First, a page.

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The Bloomington Homeless Shelter Adopts New Code Of Conduct
Updated May 5, 2013 1:10 AM
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(BLOOMINGTON) - A Bloomington shelter for the homeless is implementing a new code of conduct for residents that bars them from asking strangers for money.

Members of the board of directors for Martha's House say the new policy is designed to help the homeless become self-sufficient. Another policy barring residents from drinking alcohol or using unprescribed drugs while staying at the shelter has a similar goal.

Board member Darryl Neher said the panhandling prohibition is not designed to be punitive, but to create a supportive atmosphere for individuals who are struggling to stay clean and sober.

"Those seeking services at Martha's House want help finding a way out of their situation," Neher told The Herald-Times . "This new code of conduct should not be viewed as a barrier, but as something that will help facilitate that process."

Bob Miller, president of the shelter's board of directors, said he believes that most of the people who panhandle in Bloomington use the money to buy alcohol or illegal drugs.
"Giving them money is like giving them a gun," said Miller, the county's chief deputy prosecutor. "We expect our residents to work toward independence and to not fall into stereotypes by engaging in negative behavior that is counterproductive. And we hope the public will realize they are not doing panhandlers any favors by giving them money."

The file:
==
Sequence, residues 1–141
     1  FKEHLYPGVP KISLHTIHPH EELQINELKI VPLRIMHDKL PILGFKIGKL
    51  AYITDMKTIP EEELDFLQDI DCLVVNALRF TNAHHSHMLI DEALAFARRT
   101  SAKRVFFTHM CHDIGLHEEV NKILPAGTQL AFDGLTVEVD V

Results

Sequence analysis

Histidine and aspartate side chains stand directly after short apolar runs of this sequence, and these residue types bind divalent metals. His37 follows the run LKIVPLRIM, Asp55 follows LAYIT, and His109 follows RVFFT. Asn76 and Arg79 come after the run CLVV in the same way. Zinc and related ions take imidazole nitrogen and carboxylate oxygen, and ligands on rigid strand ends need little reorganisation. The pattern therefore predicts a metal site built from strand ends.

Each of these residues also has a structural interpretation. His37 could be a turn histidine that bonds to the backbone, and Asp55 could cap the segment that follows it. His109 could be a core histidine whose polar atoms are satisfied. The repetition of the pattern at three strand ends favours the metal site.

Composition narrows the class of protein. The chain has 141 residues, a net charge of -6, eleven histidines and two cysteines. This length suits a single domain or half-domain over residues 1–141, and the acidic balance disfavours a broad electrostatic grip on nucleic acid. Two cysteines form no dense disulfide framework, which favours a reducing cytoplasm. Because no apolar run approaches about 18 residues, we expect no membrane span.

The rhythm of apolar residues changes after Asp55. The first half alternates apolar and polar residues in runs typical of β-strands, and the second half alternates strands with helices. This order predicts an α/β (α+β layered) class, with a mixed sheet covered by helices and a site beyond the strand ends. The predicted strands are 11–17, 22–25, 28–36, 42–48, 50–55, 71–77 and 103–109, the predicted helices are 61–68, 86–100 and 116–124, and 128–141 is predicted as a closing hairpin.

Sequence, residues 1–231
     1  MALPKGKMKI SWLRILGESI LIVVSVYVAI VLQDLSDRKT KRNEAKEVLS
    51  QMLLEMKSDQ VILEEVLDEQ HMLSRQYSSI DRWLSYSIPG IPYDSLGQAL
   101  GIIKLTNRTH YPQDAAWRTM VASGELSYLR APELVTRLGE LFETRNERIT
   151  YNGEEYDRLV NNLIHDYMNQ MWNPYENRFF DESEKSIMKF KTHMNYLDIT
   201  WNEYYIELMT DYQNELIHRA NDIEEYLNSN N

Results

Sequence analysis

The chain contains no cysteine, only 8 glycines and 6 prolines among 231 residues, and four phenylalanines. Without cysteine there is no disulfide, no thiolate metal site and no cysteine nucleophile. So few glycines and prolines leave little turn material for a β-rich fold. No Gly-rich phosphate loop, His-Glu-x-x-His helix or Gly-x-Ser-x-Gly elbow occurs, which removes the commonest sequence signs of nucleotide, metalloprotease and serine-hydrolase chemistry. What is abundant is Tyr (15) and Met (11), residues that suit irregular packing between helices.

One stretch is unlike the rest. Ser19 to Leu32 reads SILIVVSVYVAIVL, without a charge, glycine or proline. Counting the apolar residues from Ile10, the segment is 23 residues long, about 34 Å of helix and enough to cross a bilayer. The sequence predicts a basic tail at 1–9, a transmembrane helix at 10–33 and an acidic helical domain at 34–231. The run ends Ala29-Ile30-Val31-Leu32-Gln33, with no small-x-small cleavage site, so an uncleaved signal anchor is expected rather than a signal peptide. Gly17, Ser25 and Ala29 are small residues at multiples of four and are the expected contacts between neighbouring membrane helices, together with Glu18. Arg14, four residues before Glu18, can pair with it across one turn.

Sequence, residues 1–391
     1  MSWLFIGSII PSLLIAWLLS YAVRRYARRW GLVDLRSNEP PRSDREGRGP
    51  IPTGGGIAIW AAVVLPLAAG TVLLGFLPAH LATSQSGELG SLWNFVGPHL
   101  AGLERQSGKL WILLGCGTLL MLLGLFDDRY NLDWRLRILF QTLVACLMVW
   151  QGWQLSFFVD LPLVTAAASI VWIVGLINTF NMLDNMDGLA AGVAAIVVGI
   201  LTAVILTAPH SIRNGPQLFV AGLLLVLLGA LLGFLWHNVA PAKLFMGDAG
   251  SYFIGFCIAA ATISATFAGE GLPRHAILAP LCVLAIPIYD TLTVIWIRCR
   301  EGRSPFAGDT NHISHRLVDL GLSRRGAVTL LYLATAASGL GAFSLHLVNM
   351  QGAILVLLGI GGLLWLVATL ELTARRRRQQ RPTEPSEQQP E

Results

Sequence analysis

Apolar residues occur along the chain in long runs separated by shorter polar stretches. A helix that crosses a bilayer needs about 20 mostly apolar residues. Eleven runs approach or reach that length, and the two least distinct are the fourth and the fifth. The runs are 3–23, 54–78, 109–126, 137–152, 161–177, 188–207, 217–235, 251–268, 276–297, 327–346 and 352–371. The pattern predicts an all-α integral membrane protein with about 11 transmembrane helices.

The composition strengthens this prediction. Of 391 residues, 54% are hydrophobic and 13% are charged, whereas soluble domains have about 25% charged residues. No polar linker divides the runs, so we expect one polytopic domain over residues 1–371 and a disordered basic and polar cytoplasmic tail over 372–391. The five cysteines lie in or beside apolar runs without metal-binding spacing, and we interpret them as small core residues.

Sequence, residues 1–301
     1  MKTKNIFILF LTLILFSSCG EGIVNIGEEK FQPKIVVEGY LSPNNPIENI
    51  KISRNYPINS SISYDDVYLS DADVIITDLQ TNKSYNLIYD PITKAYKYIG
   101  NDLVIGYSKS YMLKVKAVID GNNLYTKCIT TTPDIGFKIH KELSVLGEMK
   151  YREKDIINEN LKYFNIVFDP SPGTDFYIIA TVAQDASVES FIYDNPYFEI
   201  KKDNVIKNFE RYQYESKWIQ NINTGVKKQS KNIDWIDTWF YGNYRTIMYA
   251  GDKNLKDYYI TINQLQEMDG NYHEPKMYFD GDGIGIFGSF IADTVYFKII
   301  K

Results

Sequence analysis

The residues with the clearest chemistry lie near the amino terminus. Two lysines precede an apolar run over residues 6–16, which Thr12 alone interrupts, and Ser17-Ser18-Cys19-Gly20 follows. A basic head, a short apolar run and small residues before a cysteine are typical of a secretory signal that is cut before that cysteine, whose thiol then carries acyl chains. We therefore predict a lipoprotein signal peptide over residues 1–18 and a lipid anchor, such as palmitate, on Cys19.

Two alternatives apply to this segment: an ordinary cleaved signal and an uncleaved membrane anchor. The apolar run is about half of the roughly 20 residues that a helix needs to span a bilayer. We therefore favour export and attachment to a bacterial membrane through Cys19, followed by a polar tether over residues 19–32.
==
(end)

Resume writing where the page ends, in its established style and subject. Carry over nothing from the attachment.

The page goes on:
He said many places in Bloomington offer free meals to the homeless and that it's not necessary to panhandle.

Panhandling done after sunset or before sunrise or conducted in areas including bus stops, near ATM machines or restaurants is illegal and can result in penalties of up to 60 days in jail and a fine of up to $500.

Miller noted that illegal panhandling is a Class C misdemeanor that carries a penalty of up to 60 days in jail and up to a $500 fine.

State law also bars people from seeking money from people sitting in their stopped vehicles or standing in line, or making people fear for their safety by working in teams, blocking people's path, touching them or making threatening gestures or statements.

Miller said Martha's House residents will be required to sign a code of conduct. Those who violate the no-panhandling promise will be asked to leave the shelter and forfeit their shelter services, unless the shelter manager feels an exception should be made.
"We can't hire a cop to work on our behalf, but if one of our residents is panhandling, we'll find out," Miller said.

Miller said the idea to add the no-panhandling pledge stemmed from a meeting of downtown Bloomington merchants a month ago in which business owners expressed concerns about vagrancy problems.

He said he hopes all agencies that assist the poor and homeless will adopt a similar code of conduct.

"This should be embraced by the entire community," he said. "We as citizens must all agree to not become enablers by supporting panhandlers. Our social service agencies must likewise agree that it is defeating our purpose if we are providing services to individuals who do not conform to a positive code of conduct."



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